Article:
relationship between the family and its property is one important focal point for comparison; common law and civil law differ in their approach to matrimonial regimes (cf the notion of dowry: Dig 24.3.1). The French model has a notion of community property (CC, Art 1400, etc) whereas English law sees only two individuals governed by the ordinary law of property (Van den Boogaard v Laumen [1997] 3 WLR 284, pp 292–93). That said, a spouse in UK law may have a real right in the family home, just as a wife did in late Roman law with respect to her dowry (C 8.18.12), and there are statutory rights of occupation (Matrimonial Homes Act 1983). In addition, the law of remedies and the general private law might provide indirect protection of the family (see, for example, Barclays Bank v O’Brien, p 256). Does Jackson indicate that the law of obligations does not recognise the family as a formal institution? What about the law of remedies? 3 The status of individuals (in particular women and children) within the institution of the family is another focal point of comparison (cf Children Act 1989, s 1). What rights does the law of persons give children vis à vis parents and vice versa (cf CC, Arts 371, etc)?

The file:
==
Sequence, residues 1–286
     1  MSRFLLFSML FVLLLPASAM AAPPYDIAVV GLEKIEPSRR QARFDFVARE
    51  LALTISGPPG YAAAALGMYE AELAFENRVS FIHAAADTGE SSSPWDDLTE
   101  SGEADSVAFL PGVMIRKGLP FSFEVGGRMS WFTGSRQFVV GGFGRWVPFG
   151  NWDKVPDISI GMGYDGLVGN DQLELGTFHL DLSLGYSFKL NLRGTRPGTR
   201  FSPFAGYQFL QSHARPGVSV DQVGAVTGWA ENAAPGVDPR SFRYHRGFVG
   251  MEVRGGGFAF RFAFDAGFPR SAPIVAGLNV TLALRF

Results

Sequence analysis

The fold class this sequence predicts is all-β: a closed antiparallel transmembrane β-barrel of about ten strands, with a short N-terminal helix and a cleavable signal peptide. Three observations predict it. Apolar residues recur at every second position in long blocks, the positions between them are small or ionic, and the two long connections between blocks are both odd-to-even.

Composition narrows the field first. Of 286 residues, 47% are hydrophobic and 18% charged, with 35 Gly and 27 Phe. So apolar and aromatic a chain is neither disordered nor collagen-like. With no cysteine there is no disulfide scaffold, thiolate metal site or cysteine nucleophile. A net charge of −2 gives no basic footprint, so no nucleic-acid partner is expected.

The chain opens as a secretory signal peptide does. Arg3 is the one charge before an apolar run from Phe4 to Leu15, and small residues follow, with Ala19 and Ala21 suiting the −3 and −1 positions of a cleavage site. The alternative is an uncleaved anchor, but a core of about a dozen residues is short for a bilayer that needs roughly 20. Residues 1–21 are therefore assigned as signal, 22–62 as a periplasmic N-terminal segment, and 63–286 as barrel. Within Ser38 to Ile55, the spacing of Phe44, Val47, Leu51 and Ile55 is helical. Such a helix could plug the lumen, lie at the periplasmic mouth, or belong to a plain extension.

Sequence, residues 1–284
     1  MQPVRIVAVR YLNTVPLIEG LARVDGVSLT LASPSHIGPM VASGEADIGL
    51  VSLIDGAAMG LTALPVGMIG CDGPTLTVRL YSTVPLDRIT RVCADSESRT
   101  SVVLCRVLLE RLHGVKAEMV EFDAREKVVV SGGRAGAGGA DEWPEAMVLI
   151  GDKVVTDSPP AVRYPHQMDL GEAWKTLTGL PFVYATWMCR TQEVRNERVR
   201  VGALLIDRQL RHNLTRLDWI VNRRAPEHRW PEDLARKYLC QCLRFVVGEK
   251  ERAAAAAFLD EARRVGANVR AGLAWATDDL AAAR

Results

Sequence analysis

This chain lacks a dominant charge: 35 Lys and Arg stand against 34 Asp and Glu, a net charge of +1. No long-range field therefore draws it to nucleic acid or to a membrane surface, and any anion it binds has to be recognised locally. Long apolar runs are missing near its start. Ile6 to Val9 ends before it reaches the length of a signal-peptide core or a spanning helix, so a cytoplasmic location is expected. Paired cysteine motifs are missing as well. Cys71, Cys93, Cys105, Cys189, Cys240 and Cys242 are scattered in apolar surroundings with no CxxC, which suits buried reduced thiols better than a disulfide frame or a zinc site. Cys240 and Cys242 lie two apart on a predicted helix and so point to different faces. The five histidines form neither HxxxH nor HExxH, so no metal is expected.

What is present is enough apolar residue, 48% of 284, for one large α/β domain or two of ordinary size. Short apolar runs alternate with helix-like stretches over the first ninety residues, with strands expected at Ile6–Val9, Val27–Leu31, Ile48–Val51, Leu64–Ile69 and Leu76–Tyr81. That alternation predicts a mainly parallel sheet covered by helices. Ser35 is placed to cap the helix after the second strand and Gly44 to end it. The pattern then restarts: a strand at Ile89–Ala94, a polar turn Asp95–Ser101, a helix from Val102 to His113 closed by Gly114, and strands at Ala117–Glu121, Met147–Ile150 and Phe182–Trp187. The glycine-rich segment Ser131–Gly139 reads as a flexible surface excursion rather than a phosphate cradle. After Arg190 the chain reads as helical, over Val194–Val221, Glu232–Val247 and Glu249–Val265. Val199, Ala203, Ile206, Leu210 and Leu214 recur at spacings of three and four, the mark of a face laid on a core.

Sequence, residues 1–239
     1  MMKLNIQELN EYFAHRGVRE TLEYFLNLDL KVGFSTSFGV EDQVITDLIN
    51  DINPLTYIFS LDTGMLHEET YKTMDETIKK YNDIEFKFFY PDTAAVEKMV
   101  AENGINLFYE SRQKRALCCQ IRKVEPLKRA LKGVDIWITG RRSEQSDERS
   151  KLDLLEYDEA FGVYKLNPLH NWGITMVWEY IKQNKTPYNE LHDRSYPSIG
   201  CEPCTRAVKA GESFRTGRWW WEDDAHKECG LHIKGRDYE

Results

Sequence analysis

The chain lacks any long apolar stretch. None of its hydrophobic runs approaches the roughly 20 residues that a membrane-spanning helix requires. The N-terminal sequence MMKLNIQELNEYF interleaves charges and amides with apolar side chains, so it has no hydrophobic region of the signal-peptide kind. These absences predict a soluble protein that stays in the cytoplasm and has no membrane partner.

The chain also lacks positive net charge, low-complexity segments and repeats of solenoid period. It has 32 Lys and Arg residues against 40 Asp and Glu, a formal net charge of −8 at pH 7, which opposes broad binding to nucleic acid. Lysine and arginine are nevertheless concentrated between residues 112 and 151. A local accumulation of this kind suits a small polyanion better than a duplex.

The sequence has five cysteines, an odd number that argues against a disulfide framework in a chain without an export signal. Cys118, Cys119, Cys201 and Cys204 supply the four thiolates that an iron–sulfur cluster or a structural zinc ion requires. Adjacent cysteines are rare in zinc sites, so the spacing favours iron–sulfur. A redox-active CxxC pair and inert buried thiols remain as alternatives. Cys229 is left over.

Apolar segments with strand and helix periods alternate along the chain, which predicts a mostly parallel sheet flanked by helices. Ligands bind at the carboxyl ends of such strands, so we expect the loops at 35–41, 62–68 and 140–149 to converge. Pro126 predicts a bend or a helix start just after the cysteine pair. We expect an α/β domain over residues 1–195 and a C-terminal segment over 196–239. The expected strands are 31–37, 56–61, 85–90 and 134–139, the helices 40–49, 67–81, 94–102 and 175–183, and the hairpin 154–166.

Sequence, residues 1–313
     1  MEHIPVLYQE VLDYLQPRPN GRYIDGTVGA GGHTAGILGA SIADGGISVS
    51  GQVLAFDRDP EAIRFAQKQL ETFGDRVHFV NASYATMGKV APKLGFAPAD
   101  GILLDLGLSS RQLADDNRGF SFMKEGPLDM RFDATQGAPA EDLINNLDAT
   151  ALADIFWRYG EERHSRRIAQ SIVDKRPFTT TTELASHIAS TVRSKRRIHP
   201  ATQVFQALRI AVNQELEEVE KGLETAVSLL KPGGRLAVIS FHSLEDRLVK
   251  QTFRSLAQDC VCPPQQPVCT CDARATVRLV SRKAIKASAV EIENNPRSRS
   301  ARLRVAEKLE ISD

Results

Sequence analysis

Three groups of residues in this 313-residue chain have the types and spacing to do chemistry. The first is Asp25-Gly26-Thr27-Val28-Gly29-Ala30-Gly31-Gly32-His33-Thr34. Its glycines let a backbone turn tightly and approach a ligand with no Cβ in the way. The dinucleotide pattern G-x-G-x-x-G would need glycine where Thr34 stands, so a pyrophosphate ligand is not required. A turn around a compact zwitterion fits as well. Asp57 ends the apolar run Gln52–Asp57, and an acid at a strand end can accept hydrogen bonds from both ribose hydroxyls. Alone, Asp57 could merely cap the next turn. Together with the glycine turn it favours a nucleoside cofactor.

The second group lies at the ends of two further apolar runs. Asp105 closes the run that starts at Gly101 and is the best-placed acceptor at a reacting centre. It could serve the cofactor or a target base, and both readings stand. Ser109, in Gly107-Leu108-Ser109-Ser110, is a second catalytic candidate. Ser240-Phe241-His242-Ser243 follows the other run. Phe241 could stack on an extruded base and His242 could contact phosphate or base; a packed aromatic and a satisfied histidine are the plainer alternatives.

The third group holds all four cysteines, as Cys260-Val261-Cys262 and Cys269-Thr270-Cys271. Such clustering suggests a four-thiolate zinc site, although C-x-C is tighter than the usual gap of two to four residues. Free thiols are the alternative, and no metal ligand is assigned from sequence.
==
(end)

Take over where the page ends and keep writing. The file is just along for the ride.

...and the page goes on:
The second element in the institutional scheme after persona is res. This latter term can loosely be translated as ‘thing’—although the Latin word is rather amorphous—and represents another focal point around which legal propositions can be grouped. ‘Things’ (res) act to some extent as a counterpoint to ‘person’ (persona) and thus the law of things cannot be understood divorced
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Khorasandjian v Bush [1993] QB 727 Court of Appeal

(See p 141.)